Interview of Bob Massa

Sep 7th

Bob Massa is one of the most eloquent people in the search marketing industry. I have wanted to interview him for a long time, and finally got around to it.

He was probably one of my favorite interviewees.

What is bathroom spamming? How does it apply to SEO?

It is difficult for me to answer that because I'm the guy who doesn't believe there is really such a thing as spamming. To me, it is just marketing.

I'm pretty sure you are referring to a thread at Threadwatch where I made a couple of comments about an article Jacob Nielsen had written referring to the effects search engines have on the web. In one of those comments I mentioned that I had been involved in a project where a webmaster had a new site and no budget for promotion. I had half jokingly suggested the only option available to a webmaster with no budget was to advertise his website in public restrooms by placing well-worded post-it notes. The webmaster wrote BEWARE www.his-site.com and was able to avoid what is referred to by many SEO's, (whatever that is), as the sandbox and start generating traffic very quickly.

In this context, bathroom spamming could also be taxi spamming or side of the bus spamming or running across a football field during a televised game with a url painted on your backside spamming or anything else that creates an interest in a specific website in a way that tells search engines that people are looking for a specific thing. The point of this particular discussion was that many SEO's, (whatever that is), tend to become so focused on following search engines that they forget search engines real job is to follow people. That by creating a demand by people, that causes search engines to "look" to satisfy that demand before their competitors do.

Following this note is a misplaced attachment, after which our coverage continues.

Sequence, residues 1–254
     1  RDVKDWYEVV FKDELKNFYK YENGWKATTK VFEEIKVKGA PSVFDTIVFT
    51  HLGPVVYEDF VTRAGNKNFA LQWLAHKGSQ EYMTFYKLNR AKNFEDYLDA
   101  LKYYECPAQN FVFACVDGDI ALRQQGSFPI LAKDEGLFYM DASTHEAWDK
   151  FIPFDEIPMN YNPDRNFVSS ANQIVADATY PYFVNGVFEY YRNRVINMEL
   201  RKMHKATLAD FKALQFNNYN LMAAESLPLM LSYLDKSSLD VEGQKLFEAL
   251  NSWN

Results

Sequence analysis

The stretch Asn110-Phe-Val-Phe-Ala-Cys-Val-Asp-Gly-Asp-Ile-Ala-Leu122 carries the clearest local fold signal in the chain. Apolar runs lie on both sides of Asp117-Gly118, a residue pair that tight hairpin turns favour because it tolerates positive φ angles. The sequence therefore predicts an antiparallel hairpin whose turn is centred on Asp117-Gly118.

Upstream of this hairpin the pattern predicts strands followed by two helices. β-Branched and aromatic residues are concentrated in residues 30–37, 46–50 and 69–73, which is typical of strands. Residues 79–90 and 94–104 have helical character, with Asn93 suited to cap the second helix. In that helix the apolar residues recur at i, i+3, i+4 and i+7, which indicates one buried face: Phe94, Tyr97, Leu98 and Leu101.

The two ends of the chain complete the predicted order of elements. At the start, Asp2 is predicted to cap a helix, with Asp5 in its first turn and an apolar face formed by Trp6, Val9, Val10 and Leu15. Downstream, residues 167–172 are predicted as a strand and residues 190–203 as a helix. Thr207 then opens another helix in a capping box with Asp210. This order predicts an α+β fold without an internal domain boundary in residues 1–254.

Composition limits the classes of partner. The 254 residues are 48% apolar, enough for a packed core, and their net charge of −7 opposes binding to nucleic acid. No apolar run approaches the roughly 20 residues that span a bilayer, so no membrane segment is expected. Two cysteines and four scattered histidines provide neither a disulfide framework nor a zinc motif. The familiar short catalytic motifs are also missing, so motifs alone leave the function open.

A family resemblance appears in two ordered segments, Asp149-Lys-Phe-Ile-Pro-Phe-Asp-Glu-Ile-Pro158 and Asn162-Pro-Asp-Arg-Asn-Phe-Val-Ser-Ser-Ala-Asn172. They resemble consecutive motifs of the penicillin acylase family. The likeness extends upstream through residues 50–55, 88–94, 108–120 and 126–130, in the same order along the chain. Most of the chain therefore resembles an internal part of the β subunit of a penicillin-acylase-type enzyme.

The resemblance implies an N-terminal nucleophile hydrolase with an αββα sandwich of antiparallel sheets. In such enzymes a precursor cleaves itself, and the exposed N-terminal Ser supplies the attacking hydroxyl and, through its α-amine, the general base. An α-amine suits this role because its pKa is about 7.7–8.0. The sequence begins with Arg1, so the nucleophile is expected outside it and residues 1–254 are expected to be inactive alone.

Did anyone see the Pontiac TV ads telling the public to search at Google?

TV spamming ?????

What is the current primary driver of search relevancy algorithms?

The same driver it has always been. Money.

Sorry I'm being a bit obtuse. I realize you mean programmatically. Not that it changes my answer but on to the other parts of your question.

Do you think usage data is already it, or will soon replace it? Why or why not? How do you see search relevancy algorithms changing in the next 5 to 10 years?

Usage data is not already IT and will not soon be IT. Why? Because, as it relates to relevancy, usage data is good and is and will be used to help but it alone is no better than keyword density or page rank. It will not make searches more relevant anymore so than the other factors.